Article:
EVANSVILLE — The National Transportation and Safety Board released preliminary findings of its investigation into an Oct. 30 plane crash at an Evansville golf course, which so far has determined the plane likely suffered from engine trouble.
According to the federal agency, the green-and-white Piper Cherokee Lance that came to a rest near the tee box on No. 17 at Helfrich Golf Course slid about 280 feet.
Four people, including two children, were on board the small private plane, the NTSB said. The pilot and one passenger sustained "serious injuries," while two others were "not injured."
Initial police reports described all four injuries as non-life-threatening.
According to the NTSB, air traffic control logs and first response dispatch records shed some light on the tense moments preceding the plan's forced landing near Hole No. 17.
The pilot – identified in a crash report as 43-year-old Nathan Butcher, of Georgia – notified Evansville Regional Airport approach control that the Piper Cherokee's engine was "running rough," the report states.
Controllers cleared the plane for landing at EVV's Runway 4, but Butcher soon reported a total loss of engine power.
The aircraft was still eight miles southwest of the runway at this point, the report states.
According to Flight Aware, a plane with a matching registration number took off from Taylorville, Illinois, at 12:48 p.m. and was scheduled to land in Gallatin, Tennessee, shortly before 3 p.m.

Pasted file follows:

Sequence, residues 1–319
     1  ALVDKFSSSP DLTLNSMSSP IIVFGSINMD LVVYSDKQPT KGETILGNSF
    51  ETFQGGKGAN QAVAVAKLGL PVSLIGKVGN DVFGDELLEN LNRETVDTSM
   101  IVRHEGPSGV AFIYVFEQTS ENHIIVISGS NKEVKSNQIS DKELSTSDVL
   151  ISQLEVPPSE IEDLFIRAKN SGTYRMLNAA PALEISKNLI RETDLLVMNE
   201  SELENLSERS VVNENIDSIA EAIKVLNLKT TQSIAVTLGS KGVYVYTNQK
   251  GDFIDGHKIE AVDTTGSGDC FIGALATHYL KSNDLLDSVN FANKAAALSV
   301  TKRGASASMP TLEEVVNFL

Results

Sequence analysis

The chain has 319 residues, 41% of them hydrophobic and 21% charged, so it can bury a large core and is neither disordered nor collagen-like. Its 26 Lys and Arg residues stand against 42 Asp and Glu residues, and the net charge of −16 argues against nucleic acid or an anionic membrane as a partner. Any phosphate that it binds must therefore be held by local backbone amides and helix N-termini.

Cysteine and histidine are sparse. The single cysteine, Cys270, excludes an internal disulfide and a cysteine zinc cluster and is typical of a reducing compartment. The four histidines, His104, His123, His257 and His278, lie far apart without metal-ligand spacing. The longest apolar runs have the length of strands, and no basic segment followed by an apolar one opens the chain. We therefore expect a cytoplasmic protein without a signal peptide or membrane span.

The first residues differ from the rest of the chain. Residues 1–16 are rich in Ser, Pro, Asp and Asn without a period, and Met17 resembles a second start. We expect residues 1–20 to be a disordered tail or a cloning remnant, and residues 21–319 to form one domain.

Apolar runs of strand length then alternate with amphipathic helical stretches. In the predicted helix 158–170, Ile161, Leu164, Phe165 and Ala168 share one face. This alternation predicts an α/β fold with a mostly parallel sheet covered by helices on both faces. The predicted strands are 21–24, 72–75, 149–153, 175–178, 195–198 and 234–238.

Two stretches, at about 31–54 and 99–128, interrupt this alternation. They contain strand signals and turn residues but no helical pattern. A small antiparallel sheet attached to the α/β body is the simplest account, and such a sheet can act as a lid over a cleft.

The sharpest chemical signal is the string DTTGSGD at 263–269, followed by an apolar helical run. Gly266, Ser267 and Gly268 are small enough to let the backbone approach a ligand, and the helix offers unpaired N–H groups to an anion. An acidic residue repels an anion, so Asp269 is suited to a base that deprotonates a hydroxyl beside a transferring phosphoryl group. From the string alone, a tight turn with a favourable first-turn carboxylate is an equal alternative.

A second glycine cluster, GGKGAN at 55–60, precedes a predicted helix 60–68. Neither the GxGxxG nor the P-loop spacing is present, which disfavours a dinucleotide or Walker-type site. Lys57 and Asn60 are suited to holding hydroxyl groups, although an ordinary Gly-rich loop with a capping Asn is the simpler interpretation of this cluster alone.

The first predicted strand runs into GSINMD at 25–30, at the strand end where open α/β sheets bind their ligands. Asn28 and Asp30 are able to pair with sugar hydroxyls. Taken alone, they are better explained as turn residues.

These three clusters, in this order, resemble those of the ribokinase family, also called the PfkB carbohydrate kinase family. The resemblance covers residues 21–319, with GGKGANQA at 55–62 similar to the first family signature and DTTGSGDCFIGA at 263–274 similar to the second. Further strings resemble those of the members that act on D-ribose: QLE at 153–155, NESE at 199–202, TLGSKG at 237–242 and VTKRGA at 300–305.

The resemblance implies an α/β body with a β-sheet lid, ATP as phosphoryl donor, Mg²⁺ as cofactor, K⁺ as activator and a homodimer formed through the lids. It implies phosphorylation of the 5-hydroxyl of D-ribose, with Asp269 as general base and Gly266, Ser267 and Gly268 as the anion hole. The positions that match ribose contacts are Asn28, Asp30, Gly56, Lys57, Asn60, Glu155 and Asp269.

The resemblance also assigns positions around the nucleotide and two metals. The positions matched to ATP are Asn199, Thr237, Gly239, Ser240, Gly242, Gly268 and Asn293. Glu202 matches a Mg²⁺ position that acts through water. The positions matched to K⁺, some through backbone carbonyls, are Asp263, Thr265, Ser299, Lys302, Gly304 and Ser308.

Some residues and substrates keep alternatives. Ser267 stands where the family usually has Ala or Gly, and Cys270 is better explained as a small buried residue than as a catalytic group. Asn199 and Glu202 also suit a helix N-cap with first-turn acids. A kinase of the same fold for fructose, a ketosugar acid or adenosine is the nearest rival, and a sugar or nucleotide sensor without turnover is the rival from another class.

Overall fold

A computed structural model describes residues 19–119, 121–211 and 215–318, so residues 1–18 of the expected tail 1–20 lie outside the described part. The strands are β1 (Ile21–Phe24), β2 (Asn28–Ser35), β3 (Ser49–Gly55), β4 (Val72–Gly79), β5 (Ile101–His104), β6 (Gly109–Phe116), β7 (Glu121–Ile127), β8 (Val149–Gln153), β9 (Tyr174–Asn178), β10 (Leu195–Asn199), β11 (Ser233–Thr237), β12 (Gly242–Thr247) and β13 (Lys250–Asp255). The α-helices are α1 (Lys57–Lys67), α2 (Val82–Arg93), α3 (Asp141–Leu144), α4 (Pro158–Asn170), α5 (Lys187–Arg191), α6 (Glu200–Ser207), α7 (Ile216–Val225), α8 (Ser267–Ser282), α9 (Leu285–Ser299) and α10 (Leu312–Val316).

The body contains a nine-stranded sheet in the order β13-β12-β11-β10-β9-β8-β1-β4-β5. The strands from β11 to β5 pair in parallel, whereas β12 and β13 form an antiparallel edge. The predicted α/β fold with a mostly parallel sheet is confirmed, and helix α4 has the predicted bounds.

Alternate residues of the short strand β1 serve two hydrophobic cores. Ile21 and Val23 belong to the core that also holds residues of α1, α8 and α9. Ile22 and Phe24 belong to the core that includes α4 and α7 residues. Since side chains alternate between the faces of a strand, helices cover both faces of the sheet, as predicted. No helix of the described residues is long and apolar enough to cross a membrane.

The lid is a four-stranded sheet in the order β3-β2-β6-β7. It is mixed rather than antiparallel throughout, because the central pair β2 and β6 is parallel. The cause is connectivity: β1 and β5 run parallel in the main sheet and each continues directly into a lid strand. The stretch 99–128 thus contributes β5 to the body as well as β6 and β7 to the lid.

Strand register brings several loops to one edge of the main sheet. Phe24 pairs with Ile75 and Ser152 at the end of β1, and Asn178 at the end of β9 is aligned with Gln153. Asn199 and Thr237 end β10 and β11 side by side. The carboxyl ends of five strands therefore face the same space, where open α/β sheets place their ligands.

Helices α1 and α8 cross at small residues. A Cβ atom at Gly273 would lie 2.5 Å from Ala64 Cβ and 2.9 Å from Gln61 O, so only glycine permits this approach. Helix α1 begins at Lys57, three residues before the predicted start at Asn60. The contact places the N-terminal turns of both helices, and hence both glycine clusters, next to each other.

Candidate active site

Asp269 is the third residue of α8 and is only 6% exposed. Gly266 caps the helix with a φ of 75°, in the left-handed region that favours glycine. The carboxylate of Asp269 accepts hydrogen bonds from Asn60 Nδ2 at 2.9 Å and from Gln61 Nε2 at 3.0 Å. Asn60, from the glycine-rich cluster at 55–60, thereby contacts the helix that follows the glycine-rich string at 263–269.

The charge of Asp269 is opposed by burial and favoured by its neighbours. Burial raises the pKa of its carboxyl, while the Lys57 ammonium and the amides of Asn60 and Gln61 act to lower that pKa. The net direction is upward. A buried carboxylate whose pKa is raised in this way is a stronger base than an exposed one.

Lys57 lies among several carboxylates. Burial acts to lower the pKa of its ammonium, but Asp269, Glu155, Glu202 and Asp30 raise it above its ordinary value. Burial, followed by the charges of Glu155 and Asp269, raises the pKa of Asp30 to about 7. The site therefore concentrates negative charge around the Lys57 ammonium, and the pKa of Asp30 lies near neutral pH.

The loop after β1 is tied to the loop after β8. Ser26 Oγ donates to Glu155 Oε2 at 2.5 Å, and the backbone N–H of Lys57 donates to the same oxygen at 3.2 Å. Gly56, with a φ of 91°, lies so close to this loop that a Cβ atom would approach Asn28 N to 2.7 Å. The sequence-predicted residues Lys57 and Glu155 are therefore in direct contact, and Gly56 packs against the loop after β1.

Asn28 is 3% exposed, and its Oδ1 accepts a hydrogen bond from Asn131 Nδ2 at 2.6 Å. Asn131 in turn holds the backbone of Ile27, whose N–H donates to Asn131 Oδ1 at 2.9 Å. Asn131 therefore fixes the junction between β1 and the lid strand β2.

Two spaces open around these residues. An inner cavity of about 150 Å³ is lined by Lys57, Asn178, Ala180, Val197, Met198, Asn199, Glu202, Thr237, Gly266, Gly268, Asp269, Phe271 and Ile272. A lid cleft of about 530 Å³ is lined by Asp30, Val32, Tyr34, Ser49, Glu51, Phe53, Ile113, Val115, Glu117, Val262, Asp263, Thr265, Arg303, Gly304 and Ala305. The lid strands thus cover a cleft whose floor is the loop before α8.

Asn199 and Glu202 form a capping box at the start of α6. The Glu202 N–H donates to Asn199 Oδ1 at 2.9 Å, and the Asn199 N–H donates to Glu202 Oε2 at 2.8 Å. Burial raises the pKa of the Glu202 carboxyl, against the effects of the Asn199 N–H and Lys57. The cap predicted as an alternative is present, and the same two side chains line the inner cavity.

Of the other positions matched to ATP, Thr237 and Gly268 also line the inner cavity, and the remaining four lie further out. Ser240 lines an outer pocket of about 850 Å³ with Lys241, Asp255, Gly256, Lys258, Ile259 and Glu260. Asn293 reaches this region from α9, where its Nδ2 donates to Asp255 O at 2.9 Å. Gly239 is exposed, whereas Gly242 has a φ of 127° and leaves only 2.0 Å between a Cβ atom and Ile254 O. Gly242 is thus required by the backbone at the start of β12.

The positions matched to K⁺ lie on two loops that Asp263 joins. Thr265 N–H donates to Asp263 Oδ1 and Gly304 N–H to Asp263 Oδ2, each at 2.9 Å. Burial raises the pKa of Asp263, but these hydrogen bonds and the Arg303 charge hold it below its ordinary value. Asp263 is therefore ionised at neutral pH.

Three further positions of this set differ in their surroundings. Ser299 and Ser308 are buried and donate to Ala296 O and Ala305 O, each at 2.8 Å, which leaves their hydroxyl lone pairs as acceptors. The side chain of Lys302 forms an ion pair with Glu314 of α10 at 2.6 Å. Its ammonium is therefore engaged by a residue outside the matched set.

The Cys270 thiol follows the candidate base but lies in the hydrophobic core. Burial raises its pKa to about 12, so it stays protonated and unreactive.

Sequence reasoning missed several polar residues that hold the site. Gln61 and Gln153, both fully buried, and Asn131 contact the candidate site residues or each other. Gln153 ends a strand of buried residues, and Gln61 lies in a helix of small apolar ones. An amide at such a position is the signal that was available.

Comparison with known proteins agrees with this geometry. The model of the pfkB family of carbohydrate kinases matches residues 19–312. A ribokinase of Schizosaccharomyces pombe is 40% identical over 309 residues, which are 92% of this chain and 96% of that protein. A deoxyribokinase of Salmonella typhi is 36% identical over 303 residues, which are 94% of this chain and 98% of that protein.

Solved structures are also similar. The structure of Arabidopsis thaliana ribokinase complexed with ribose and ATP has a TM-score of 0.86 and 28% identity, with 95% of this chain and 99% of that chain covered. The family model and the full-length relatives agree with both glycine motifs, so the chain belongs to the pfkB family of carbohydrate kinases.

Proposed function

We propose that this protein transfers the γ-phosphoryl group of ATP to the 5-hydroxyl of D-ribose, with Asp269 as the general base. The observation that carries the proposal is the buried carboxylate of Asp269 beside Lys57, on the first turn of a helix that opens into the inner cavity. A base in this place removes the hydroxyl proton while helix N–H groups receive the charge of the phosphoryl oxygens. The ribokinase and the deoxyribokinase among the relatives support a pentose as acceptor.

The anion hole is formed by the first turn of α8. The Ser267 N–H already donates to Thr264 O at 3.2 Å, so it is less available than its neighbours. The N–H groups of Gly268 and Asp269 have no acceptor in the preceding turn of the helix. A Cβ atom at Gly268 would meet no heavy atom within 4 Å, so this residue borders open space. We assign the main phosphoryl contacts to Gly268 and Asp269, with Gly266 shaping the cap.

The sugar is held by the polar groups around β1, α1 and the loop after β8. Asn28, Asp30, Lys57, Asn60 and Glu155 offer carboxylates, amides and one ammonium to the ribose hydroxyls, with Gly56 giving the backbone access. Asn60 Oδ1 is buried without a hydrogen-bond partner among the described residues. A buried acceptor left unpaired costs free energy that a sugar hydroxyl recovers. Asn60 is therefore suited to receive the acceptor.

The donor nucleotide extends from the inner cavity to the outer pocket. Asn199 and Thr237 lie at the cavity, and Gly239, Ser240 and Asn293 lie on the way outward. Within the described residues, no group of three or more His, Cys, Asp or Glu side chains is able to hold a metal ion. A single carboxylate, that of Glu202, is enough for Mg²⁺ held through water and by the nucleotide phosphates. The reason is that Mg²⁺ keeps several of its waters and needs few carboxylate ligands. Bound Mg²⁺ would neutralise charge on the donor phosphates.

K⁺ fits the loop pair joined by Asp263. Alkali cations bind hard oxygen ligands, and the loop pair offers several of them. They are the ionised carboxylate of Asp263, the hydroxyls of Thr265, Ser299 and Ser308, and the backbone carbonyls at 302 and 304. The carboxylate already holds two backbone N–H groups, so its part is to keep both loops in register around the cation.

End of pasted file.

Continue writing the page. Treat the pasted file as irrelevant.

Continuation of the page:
According to tracking on Flight Aware, the plane had reached the confluence of the Wabash and Ohio rivers near southern Posey County when it turned off its course and headed toward Evansville.
After Butcher reported a total loss of engine power, an air traffic controller directed the plane to a nearby grass landing strip, the agency said, but there were "no further communications from the pilot."
"Examination of the accident site revealed the airplane attempted a forced landing," the report states. "The airplane came to rest upright and sustained substantial damage to the fuselage, both wings and horizontal stabilizer."
The agency said its investigators did not travel to the scene of the crash, though the wreckage was retained for "further examination."
An NTSB spokesperson said a final report could be published in the next 12 to 24 months.
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This article originally appeared on Evansville Courier & Press: NTSB: Pilot said plane was 'running rough' prior to Evansville crash